I have recovered SVN repository from crashed PC and now I can checkout files from few directories but in one place during checkout it says:

Error: REPORT of '/svn/RepTest/!svn/vcc/default': Could not read chunk size: 
Secure connection truncated (https://mypc:8443) 

Could anyone help me, how to fix that repository? Thanks!

  • did you run "svnadmin recover" on the repository? – Stefan Mar 28 '11 at 14:28
  • Yes, I did, it says: svnadmin: Recovery completed. But when checkout same error. – ihorko Mar 29 '11 at 14:37
  • 1
    Check the VisualSVN Server logs. There are located in Event Viewer -> Application and Services -> VisualSVN Server – Ivan Zhakov Apr 14 '11 at 20:00
  • 2
    We've just had this. Our SVN server had to be restored from a backup because of a failure, so our local copies were more up to date. We were trying to commit e.g. revision 1220 but the server (because of the restore) was only at e.g. 1215. The 'chunk size' error was what the client produced, but checking the event viewer gave us more clues about the revisions being out of sync. – Richard Sep 20 '12 at 7:51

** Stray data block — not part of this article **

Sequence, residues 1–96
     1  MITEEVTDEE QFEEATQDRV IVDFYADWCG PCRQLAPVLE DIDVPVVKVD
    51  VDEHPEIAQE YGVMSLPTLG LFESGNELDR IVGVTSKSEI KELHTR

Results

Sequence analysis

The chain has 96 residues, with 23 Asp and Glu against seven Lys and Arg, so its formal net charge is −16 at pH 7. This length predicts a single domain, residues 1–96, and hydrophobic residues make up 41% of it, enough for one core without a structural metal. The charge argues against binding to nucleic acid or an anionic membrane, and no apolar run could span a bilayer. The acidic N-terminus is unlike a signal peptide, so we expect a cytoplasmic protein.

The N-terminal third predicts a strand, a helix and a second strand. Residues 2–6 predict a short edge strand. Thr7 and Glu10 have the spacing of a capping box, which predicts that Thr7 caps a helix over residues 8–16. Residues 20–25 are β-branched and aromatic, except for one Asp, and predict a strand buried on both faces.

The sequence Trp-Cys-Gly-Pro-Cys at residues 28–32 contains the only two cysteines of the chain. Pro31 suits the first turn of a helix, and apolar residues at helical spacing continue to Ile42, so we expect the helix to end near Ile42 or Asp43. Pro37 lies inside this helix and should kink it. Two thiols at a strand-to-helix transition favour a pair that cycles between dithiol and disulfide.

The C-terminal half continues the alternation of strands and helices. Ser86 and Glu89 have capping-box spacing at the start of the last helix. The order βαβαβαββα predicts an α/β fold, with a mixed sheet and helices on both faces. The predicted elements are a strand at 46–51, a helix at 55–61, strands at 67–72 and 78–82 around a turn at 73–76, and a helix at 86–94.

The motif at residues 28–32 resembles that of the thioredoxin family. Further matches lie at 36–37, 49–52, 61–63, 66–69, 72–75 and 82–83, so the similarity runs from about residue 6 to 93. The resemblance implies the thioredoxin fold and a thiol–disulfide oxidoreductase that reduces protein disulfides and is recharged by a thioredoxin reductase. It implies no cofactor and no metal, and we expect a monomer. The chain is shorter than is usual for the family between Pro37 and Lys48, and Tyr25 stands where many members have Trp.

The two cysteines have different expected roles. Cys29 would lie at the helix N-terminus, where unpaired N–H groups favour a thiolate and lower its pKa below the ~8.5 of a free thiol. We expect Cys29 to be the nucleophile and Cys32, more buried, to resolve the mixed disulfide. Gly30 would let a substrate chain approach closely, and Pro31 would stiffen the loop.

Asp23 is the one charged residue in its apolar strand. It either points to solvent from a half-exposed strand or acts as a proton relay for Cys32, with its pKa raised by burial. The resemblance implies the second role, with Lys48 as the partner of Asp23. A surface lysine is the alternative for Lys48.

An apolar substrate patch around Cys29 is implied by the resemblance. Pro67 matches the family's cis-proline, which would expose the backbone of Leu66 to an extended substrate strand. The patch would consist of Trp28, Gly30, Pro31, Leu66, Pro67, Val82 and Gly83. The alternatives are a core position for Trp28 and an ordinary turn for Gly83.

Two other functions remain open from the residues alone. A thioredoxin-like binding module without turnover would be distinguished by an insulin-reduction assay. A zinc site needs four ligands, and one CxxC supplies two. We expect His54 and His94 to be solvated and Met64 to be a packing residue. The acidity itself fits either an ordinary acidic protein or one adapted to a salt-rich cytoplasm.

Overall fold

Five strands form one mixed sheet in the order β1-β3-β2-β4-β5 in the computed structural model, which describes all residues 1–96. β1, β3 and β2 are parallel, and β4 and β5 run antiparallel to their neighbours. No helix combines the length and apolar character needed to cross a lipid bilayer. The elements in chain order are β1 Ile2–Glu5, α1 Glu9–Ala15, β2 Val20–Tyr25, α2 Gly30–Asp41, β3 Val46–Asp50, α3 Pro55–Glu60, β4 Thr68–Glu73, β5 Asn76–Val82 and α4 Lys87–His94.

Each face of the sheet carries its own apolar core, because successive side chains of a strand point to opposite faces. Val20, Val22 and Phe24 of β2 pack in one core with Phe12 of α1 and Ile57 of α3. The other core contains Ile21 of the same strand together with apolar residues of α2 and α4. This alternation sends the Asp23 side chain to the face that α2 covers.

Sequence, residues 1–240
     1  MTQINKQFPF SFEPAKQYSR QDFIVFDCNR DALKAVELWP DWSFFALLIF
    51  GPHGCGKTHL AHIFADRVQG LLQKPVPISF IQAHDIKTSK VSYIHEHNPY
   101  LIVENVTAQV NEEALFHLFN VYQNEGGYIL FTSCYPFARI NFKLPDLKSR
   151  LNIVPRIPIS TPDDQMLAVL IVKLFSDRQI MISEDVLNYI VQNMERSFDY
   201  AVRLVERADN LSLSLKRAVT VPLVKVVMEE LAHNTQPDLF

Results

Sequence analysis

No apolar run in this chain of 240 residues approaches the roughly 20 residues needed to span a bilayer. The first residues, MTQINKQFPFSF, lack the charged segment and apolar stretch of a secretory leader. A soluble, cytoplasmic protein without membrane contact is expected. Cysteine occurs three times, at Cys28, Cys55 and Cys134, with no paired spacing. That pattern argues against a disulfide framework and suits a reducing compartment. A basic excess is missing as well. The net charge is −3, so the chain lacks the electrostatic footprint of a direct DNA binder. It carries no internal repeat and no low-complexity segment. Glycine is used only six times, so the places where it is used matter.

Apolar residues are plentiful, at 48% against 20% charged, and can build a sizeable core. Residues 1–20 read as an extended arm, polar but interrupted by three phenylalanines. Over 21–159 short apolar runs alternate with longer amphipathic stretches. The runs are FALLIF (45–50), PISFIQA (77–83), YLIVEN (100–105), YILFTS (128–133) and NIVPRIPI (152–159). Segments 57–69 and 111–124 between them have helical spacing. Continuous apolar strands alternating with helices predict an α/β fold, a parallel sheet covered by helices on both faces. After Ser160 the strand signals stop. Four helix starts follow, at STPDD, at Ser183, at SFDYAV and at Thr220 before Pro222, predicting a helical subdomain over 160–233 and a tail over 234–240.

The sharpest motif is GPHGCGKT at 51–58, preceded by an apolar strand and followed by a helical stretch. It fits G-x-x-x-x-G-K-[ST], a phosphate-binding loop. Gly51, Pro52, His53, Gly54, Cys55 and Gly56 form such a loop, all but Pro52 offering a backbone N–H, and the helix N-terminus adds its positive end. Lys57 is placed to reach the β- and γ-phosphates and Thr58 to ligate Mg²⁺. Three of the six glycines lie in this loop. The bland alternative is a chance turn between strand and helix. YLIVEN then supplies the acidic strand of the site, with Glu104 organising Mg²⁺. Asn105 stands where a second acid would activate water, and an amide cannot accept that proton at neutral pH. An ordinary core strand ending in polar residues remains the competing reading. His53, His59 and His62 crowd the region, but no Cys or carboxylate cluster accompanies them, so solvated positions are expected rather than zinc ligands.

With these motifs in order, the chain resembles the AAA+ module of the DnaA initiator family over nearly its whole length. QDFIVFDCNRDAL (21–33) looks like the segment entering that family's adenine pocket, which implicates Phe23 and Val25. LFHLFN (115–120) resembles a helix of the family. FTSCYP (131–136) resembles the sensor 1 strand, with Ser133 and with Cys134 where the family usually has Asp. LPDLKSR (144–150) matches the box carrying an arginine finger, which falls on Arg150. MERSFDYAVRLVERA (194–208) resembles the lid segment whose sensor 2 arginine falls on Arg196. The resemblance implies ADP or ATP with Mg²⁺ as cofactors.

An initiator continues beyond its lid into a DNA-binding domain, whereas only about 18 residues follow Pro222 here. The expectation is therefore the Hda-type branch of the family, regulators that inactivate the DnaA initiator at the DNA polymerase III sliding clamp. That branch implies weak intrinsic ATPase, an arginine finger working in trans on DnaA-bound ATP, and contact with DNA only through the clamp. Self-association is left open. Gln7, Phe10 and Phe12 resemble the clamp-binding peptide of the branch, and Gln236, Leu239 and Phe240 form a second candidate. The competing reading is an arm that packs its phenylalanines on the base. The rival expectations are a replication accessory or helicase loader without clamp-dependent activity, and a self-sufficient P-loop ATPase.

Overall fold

I've just had the same error when trying to update a checkout to the latest revision. Some fiddling about revealed that it was one particular file causing the issue. For example:

root
  - A
    - AFileInFolderA.h
    - AnotherFileInFolderA.h
  - B
    - AFileInFolderB.h
  - C
    - AFileInFolderC.h

With the repo structure above, AFileInFolderA.h was the problem file. I came to this conclusion because I could do and svn update in folders B and C but not on the root or folder A. Drilling down further, I could update AnotherFileInFolderA.h but not the problem one.

Anyway, with that information in hand I copied my working copy changes from folder A, then (using Tortoise SVN) did a selective Update To Revision on the root folder, excluding folder A from my checkout. I then did the reverse, re-adding the folder to the checkout. Finally I added my local changes back in and committed to the repo. All is now working fine.

  • Any explanation for the downvote? – sjwarner Feb 18 '14 at 15:22